CINCINNATI -- If the seven Indian Star tortoises now residing at the Cincinnati Zoo and Botanical Garden could talk, they'd likely have a tale just as good as the one about how slow and steady wins the race.
They'd recount their uncomfortable journey from Malaysia to Ohio disguised as a porcelain doll. That's right, a doll.
U.S. Customs and Border Protection (CBP) officers say they held a package manifesting as a doll and addressed to a person in Miami Lakes, Florida, for routine inspection on July 29.
When officers opened the shipment, they found a plastic container that was taped shut with ventilation holes punched through the top. The container held seven small objects concealed by newspaper bedding and individually wrapped in white cloth that was completely covered by tightly wound packing tape. Officers realized the objects were live tortoises when they started removing the cloth on one of the objects and the animal pushed its leg through the opening.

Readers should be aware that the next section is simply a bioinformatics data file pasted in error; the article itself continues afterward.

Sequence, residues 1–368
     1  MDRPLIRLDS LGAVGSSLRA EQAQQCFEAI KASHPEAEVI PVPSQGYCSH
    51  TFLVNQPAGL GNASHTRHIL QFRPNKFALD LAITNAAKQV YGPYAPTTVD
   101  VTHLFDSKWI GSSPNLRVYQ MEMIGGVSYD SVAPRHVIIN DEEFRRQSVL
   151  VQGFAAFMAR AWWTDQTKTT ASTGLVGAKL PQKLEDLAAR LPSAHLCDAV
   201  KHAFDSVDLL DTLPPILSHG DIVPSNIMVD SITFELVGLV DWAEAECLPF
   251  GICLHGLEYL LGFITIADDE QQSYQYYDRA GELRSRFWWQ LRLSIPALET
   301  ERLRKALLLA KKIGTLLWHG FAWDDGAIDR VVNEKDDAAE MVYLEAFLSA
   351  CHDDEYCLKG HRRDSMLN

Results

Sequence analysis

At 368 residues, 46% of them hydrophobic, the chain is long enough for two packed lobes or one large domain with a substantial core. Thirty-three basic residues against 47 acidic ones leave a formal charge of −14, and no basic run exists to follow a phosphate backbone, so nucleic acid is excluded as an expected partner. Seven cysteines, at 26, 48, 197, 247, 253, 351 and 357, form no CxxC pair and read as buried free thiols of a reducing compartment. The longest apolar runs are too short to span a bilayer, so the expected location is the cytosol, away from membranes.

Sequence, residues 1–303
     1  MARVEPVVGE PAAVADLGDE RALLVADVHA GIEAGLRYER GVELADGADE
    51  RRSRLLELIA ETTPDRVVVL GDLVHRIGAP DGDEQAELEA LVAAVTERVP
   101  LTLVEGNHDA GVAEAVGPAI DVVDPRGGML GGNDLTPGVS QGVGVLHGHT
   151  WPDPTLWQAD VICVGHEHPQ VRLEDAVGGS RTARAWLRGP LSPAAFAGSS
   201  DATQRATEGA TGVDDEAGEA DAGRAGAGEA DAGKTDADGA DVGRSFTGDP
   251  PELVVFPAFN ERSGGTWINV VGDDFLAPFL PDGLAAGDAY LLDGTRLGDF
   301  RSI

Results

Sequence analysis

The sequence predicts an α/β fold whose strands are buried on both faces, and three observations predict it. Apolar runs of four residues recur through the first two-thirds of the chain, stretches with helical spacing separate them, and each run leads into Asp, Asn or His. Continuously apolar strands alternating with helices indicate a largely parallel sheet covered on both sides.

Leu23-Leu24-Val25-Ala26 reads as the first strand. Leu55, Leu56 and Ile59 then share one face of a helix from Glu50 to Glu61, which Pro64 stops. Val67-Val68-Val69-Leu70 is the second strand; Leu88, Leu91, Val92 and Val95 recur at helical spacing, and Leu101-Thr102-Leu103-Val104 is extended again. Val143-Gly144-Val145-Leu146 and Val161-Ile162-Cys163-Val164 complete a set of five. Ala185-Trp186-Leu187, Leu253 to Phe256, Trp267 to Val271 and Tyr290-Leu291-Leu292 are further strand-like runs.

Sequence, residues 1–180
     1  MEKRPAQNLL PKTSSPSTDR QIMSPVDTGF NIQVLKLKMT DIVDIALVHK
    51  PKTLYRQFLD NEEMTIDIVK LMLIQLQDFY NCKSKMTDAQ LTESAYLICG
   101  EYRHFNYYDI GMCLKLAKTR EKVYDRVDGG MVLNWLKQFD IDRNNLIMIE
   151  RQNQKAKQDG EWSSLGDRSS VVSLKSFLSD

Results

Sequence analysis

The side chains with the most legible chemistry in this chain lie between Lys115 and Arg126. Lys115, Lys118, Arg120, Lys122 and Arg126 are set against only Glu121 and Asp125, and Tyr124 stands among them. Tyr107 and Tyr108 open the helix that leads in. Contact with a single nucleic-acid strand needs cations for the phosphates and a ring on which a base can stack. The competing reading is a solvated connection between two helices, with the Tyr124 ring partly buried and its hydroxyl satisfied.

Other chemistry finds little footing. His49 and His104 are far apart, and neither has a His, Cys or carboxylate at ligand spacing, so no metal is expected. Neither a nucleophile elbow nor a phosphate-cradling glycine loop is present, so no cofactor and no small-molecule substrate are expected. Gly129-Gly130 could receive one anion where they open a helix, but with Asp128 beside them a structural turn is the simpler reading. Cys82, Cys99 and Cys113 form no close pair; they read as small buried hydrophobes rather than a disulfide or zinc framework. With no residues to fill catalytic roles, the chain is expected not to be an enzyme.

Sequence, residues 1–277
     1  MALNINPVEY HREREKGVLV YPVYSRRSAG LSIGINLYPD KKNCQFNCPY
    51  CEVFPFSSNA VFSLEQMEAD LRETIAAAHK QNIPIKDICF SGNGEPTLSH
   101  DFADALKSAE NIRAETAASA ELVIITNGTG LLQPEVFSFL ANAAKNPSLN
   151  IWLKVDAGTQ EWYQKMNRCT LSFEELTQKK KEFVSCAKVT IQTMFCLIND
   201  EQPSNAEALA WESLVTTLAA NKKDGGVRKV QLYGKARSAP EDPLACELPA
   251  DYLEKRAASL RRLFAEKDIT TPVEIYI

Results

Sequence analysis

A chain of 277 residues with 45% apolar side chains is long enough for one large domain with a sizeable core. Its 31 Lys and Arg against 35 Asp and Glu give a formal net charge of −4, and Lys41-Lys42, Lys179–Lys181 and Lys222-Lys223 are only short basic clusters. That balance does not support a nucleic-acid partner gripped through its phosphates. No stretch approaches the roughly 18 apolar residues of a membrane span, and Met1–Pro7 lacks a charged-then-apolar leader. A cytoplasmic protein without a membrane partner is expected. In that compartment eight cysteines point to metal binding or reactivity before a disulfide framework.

The reptiles were turned over to U.S. Fish and Wildlife Service (FWS) officials who placed the animals under the care of the Cincinnati Zoo.
— CBP Chicago (@CBPChicago) November 21, 2016
“This is a vulnerable species because their population is decreasing,” said CBP Cincinnati Port Director Richard Gillespie. “The successful interception of these seven live tortoises highlights the outstanding work of our officers and our collaborative efforts with the FWS wildlife inspectors at the Port of Louisville, Kentucky to combat illegal wildlife trafficking.”
Indian Star Tortoises are protected under Appendix II of the Convention on International Trade in Endangered Species of Wild Fauna and Flora (CITES), but wildlife traders illegally exploit this threatened species in order to meet the international demand for exotic pets. Legal imports of Indian Star tortoises must be accompanied by a CITES Permit issued by the U.S. Fish and Wildlife Service.
The four female and three male tortoises have completed their quarantine period at the Cincinnati Zoo and are currently part of the reptile exhibit. FWS officials are pursuing legal action against the importer.
CBP conducts operations at ports of entry throughout the United States, and regularly screens arriving international passengers and cargo for narcotics, weapons and other restricted or prohibited products.